I've met a new-to-me blogger, Serena at Savvy Verse & Wit. I had the chance to interview her over a book she's just read and reviewed, Mrs. Lieutenant. She's also interviewed the author, Phyllis Zimbler Miller, and if you take a look at that interview you can also enter a giveaway for your own copy of this book! Here is our interview:
Melanie: This book sounds like it has an interesting structure. Did it tell the story from 4 first-person viewpoints, or a third person overview?
Serena: There are 4 POVs in the novel from each of the female characters. It was great to hear the inner thoughts of each character in their respective chapters, and I don't think a third person narrative would have capture what the women were thinking and feeling as well as the current structure.
Melanie: Were the characters recognizable as distinct individuals? Which of the women did you feel the most connection to, and why?
Serena: The characters are distinct individuals with varied pasts and concerns. For example, Sharon Gold is the Jewish, northerner and she is preoccupied with fitting in and in one case she discovers that she has nothing in common with the Jewish wives club members, but has more in common with Kim, Wendy, and Donna. I actually did not feel an affinity with any of the characters. I loved hearing about their respective fears and concerns, but I did not feel connected to any of the women. However, I could identify with the each woman's struggle to belong.
Melanie: Have you read many books set around the Vietnam War? If so, how does this compare?
Serena: I have read other Vietnam War novels and nonfiction books in college. One of my favorite authors is Tim O'Brien who wrote In the Lake of the Woods, The Things They Carried, If I Die in a Combat Zone, Box Me Up and Ship Me Home, July, July, Tomcat in Love, and Northern Lights. Fire in the Lake: The Vietnamese and the Americans in Vietnam is a non-fiction work I read for class by Frances FitzGerald, but I don't believe that I read it cover to cover. We also read Paco's Story by Larry Heinemann. I've also read the following poetry books as well: Dien Cai Dau by Yusef Komunyakaa and Song of Napalm by Bruce Weigel. I'm sure there are other books I've read as well, but these are the ones that come to mind.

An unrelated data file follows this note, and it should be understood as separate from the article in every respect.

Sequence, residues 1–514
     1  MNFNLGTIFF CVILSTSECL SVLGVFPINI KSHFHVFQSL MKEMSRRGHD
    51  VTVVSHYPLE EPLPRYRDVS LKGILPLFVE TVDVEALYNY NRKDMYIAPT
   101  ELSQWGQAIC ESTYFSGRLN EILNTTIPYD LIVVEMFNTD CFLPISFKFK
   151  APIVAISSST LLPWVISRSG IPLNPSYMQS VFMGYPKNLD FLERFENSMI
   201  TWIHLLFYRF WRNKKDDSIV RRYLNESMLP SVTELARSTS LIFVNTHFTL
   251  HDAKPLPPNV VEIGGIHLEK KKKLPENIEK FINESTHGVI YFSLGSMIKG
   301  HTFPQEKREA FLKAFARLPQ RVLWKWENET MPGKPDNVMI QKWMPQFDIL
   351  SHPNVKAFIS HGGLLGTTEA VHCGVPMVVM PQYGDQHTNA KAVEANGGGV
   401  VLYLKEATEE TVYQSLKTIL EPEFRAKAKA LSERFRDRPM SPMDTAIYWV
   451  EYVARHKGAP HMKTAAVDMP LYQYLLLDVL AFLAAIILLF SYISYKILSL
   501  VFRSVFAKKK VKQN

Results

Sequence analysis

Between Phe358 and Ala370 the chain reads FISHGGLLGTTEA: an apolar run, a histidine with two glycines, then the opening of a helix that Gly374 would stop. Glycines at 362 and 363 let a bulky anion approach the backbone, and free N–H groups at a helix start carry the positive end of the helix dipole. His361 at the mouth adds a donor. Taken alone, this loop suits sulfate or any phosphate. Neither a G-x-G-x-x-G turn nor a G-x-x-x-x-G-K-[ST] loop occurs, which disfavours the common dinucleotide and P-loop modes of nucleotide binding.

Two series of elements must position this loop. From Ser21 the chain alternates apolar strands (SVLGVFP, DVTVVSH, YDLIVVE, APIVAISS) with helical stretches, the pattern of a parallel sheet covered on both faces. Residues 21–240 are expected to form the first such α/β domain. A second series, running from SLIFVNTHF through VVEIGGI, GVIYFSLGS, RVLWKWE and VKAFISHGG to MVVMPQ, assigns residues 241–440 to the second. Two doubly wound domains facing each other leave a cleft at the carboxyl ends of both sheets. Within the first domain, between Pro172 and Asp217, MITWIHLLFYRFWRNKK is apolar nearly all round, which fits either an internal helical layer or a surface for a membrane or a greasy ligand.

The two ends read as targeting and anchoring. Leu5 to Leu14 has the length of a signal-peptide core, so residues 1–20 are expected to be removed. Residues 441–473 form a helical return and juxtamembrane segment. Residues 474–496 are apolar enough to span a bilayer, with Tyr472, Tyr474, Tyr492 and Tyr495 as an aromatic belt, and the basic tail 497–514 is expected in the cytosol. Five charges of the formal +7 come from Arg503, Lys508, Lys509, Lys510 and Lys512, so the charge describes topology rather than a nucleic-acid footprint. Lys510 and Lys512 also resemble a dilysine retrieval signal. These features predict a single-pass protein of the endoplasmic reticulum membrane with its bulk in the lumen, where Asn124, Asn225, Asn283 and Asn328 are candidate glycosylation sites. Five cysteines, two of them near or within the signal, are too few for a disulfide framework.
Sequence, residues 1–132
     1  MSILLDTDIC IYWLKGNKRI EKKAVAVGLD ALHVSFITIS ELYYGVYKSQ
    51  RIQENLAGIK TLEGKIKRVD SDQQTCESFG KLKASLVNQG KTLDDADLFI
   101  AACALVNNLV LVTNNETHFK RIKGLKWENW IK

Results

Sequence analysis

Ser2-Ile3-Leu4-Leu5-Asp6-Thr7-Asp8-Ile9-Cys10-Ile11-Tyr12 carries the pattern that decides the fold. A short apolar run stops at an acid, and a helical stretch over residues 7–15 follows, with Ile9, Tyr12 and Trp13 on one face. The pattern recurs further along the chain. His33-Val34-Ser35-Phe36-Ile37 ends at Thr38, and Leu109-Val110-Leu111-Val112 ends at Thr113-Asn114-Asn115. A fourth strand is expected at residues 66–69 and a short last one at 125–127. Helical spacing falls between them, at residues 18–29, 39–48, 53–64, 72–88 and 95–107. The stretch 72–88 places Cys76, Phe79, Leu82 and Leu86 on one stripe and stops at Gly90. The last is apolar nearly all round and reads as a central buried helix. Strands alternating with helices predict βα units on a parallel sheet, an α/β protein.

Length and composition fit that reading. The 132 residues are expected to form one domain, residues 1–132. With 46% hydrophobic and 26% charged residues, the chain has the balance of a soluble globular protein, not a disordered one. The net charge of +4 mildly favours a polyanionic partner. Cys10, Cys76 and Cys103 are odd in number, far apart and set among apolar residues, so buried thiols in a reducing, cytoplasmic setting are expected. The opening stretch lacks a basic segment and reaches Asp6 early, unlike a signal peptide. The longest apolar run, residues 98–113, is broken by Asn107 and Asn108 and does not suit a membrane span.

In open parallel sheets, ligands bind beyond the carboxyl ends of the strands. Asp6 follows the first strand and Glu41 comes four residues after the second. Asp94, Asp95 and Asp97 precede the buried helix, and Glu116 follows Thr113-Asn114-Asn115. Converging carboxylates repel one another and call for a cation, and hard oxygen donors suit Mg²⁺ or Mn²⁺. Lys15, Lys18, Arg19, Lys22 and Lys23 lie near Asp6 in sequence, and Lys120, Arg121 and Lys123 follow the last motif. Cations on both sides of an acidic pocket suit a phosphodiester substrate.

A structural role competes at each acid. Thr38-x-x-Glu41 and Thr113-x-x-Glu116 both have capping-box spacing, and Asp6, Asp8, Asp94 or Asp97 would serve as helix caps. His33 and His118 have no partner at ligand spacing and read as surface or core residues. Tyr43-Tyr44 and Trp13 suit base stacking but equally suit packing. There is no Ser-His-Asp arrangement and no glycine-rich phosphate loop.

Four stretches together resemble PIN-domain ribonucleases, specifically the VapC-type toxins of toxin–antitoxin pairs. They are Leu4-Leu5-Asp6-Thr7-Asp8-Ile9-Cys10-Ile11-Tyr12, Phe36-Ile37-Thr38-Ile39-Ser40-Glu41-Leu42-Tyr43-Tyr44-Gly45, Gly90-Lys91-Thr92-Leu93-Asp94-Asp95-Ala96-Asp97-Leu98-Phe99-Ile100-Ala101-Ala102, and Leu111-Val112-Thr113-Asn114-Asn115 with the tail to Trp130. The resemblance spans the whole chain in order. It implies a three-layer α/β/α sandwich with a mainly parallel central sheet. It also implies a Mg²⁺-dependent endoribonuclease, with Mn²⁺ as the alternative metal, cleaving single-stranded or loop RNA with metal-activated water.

I would say that the majority of the books I've read about the Vietnam War focus upon the male perspective of going to war, being in the war, and coming home and dealing with its effects. Mrs. Lieutenant is the only book I've read that deals with the impacts the war had on the wives of these soldiers and how they dealt with the prospect of being left behind and possibly never seeing their husbands again. It also provides a female point of view of war in general and the wives' obligations as part of the military.
Melanie: Some reviewers have drawn parallels between the setting of this book and that of the Iraq War. Considering that, do you think this would be a good read for those either pro or con about the current war? What about non-Americans?
Serena: I think this book would be a great fit for those who either are anti- or pro- Iraq or Vietnam War. It provides an inside look at the emotions stirred up by conflict and wars that are not easily understood. Non-Americans interested in American history would find the book interesting as well. But in a broader sense I find this to be a human interest story, a struggle of women with the emotions they have about war, losing their husbands, and traditions kept during that time period by the military.
Melanie: Do you feel from reading this book and interviewing the author that it is heavily based in her own experiences? Does knowing about the author's background beforehand add or take away from the reading experience for you, generally?